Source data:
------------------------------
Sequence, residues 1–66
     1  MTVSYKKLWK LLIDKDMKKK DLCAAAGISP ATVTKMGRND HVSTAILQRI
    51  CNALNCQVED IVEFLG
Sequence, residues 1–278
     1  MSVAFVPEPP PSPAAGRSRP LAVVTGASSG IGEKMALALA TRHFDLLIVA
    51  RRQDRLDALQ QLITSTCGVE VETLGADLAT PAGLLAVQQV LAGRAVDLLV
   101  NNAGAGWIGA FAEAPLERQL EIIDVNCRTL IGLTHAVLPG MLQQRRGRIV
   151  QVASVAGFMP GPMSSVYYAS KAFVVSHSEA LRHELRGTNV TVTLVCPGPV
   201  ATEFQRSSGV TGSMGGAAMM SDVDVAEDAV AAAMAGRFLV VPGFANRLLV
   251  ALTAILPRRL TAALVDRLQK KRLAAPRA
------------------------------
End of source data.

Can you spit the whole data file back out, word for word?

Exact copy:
Sequence, residues 1–66
     1  MTVSYKKLWK LLIDKDMKKK DLCAAAGISP ATVTKMGRND HVSTAILQRI
    51  CNALNCQVED IVEFLG
Sequence, residues 1–278
     1  MSVAFVPEPP PSPAAGRSRP LAVVTGASSG IGEKMALALA TRHFDLLIVA
    51  RRQDRLDALQ QLITSTCGVE VETLGADLAT PAGLLAVQQV LAGRAVDLLV
   101  NNAGAGWIGA FAEAPLERQL EIIDVNCRTL IGLTHAVLPG MLQQRRGRIV
   151  QVASVAGFMP GPMSSVYYAS KAFVVSHSEA LRHELRGTNV TVTLVCPGPV
   201  ATEFQRSSGV TGSMGGAAMM SDVDVAEDAV AAAMAGRFLV VPGFANRLLV
   251  ALTAILPRRL TAALVDRLQK KRLAAPRA